Friday, August 13, 2004

:: adgruntie :: Freaky Friday Flux

+ W+K London's blog points to an article from the Financial Times which discusses that in a study done, clients claim that their ad agencies don't understand them, that they are not the agencies most valued client, and that 29% claimed that lack of creativity was a problem.

+ New York Festivals Design and Print winners were announced on Wednesday. Check out the winners at their site. Not all winners are up yet, but there's enough to whet your appetite.

+ Olympics and advertising -"'Impossible is Nothing' is the theme for Adidas' campaign by director Lance Acord (cinematographer of "Lost in Translation" and "Being John Malkovich"), which harks back to earlier Games and triumphs. For example, in one spot, 13-year-old gymnast Nastia Liukin appears to be performing on the uneven bars alongside Nadia Comaneci, who is executing a perfect-10 routine in the 1976 Montreal Games. In another, Haile Gebrselassie, the Ethiopian 10,000- meter runner, competes against himself -- indeed, eight other Haile Gebrselassies -- which is what he's done often by besting his own records. The thought behind the ads, said Richard Bullock, the creative director of ad agency 180 Amsterdam, which created the ads with advertising agency TBWA, was, "What else could better exemplify the notion of 'Impossible is Nothing' than the achievements of Olympians?""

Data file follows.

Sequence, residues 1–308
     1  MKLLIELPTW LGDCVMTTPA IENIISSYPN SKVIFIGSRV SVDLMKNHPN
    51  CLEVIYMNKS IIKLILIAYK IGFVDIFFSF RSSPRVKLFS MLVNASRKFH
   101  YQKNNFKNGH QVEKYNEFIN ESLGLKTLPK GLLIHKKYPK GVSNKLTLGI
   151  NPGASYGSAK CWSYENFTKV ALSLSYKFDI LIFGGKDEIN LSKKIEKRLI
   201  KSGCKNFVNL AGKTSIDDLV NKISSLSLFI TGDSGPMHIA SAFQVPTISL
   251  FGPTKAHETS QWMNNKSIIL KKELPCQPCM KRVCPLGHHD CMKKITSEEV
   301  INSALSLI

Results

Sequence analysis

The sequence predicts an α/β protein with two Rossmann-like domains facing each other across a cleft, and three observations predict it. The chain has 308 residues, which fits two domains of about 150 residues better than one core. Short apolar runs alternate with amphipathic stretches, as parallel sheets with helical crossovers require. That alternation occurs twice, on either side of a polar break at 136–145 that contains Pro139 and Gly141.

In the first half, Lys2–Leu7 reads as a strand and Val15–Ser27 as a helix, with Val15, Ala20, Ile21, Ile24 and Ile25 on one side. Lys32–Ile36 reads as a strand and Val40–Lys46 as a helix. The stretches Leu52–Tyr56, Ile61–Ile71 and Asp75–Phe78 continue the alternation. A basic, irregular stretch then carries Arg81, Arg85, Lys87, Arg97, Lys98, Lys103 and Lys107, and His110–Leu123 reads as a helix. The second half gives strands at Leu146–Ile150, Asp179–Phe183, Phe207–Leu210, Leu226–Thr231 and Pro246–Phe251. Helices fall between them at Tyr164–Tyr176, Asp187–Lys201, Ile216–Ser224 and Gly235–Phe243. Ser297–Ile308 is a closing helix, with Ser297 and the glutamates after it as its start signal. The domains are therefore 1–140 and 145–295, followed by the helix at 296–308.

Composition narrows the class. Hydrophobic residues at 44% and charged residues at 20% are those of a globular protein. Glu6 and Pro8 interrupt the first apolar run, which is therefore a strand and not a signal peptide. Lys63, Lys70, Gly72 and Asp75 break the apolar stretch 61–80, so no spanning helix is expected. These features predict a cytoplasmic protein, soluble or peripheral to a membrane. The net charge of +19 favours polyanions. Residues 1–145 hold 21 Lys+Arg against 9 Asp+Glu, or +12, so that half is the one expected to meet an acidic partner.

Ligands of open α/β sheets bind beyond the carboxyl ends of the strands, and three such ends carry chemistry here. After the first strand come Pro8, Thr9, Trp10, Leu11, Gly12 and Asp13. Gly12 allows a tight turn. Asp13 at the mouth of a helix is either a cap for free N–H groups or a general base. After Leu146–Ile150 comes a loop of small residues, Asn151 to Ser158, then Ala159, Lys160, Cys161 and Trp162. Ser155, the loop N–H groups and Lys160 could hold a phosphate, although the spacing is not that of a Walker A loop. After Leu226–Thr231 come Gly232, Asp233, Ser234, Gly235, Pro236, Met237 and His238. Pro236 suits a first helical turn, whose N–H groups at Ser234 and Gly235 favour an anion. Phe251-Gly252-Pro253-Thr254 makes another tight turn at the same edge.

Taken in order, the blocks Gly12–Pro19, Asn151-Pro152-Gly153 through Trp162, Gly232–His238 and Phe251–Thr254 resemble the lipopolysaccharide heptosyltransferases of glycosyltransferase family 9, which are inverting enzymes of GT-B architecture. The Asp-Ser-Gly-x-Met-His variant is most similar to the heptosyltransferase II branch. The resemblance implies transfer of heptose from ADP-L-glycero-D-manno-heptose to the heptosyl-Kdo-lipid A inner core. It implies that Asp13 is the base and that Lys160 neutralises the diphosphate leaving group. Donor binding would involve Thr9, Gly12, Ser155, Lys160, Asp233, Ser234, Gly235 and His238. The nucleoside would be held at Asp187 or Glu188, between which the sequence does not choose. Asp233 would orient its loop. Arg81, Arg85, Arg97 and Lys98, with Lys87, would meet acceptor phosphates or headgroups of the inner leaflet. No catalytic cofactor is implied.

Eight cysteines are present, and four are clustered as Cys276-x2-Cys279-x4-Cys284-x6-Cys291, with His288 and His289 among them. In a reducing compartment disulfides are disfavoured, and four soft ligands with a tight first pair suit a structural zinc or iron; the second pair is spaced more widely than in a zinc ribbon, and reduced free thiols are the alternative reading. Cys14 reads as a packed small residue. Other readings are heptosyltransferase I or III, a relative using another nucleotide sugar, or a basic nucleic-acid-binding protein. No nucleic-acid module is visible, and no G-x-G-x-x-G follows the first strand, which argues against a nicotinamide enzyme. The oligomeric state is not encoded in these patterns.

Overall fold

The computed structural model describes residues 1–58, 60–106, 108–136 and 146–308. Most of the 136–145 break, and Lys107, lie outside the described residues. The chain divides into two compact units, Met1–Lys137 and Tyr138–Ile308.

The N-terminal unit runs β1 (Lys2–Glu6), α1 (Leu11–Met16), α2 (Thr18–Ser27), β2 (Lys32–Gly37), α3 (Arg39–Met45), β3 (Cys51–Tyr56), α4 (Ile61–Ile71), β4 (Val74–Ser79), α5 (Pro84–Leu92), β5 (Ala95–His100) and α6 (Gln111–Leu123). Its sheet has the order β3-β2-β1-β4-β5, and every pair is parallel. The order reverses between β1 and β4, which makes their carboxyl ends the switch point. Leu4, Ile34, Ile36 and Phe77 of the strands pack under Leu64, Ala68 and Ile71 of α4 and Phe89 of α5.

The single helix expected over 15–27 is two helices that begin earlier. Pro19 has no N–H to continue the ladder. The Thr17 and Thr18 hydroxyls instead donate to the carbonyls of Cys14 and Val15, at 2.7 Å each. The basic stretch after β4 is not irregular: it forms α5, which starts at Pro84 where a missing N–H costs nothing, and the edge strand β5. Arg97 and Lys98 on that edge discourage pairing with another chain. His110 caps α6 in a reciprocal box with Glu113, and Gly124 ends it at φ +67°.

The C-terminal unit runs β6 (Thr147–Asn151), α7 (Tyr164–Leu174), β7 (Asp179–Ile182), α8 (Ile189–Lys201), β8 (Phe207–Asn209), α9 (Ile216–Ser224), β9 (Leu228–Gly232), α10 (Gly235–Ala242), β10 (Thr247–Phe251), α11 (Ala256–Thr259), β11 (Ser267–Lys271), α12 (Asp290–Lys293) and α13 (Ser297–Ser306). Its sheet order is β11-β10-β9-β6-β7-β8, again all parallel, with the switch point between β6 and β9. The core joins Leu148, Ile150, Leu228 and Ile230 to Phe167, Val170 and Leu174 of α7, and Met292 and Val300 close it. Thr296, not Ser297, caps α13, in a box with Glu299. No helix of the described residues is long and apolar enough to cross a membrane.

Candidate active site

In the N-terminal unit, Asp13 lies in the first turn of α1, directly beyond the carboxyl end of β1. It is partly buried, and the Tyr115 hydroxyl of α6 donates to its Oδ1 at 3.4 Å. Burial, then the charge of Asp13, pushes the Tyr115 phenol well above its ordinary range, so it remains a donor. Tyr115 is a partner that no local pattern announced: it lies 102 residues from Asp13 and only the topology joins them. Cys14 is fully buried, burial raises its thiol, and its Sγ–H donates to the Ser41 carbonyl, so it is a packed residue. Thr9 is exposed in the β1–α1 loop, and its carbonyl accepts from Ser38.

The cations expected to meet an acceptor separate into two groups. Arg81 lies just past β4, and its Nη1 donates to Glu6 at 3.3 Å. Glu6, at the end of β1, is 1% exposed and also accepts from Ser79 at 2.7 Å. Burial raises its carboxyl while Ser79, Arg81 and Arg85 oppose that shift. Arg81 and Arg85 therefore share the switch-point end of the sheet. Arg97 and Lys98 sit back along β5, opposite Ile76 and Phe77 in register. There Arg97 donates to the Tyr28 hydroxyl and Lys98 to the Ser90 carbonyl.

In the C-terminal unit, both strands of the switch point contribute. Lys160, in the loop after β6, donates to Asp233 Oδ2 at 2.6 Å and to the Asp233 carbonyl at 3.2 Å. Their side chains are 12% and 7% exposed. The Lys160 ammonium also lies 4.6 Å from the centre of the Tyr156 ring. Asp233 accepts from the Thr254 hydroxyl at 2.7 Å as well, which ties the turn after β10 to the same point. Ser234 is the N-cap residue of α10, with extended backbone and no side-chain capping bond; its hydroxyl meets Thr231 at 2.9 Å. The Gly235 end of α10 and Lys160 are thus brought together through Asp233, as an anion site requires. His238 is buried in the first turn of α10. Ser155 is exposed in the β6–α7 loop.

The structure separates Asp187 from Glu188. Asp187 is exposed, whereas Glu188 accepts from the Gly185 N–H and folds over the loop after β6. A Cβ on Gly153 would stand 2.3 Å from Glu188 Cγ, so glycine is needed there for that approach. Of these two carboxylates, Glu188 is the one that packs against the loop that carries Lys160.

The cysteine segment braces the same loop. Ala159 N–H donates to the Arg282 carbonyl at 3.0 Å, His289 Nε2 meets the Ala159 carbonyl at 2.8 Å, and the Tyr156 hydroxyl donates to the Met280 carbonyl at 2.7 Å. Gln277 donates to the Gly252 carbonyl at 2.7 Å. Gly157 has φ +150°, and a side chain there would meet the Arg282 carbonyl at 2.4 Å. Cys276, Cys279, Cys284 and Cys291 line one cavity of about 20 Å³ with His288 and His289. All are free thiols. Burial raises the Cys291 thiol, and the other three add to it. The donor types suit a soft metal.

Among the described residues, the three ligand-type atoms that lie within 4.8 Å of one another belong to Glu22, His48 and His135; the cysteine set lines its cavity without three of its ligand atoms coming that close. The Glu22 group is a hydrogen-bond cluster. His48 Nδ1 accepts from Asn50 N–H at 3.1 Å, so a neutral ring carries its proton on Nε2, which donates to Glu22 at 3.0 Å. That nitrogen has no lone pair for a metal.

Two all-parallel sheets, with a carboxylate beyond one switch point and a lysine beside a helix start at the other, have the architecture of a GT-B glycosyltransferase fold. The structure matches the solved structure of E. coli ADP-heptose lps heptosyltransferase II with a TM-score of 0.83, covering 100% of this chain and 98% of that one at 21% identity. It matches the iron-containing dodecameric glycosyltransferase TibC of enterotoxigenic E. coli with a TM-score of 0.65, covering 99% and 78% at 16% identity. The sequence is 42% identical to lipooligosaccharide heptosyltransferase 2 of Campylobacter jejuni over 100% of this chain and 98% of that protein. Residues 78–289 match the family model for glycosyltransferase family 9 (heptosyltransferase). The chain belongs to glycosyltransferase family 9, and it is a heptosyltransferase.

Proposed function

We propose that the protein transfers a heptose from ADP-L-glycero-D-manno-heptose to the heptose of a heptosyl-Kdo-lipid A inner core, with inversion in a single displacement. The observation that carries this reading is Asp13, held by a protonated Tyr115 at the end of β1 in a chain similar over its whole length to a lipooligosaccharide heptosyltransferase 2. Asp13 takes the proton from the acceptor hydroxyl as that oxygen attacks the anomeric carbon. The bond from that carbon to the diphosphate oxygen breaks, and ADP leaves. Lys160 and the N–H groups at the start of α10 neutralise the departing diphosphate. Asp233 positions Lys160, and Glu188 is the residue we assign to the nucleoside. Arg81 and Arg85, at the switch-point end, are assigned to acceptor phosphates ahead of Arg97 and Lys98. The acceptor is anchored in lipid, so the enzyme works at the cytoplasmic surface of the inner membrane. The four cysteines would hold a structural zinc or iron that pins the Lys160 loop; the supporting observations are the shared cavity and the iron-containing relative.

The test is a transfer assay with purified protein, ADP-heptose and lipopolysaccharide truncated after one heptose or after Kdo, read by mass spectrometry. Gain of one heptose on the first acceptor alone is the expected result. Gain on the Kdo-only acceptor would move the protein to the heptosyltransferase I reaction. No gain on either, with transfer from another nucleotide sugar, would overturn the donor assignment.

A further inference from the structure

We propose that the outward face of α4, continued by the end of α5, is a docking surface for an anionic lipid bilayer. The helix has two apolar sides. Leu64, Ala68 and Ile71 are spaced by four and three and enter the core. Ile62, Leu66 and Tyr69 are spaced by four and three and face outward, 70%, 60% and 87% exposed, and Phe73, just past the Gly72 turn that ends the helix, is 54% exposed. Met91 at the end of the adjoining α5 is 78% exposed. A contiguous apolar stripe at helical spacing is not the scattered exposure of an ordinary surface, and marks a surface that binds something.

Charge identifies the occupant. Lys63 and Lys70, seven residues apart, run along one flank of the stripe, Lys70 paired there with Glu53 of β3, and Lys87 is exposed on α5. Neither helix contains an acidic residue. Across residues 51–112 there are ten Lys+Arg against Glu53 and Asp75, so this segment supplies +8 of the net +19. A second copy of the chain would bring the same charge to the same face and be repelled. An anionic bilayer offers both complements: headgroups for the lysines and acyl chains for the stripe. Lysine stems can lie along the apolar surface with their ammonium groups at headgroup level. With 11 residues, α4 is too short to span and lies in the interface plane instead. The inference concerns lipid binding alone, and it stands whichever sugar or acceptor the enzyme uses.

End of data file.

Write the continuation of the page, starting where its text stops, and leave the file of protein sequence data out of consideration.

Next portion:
+ Olympic-Size TV Audience for the Athens Games? "What does $1 billion worth of television commercials look like? As the networks owned by NBC Universal begin coverage of the Summer Olympics in Athens, American viewers will find out. If, that is, they watch. In years past, it would have been heretical to doubt that huge audiences would want to gather in front of TV sets to see the Summer Games. But these Olympics are different from any others, for reasons that include worries about terrorism and dismay over athletes' failing drug tests. All that is leading many on Madison Avenue to question how eager Americans actually are to view 1,210 hours of coverage of all 28 Olympic sports planned through Aug. 29 - more coverage than for the previous five Summer Games put together."

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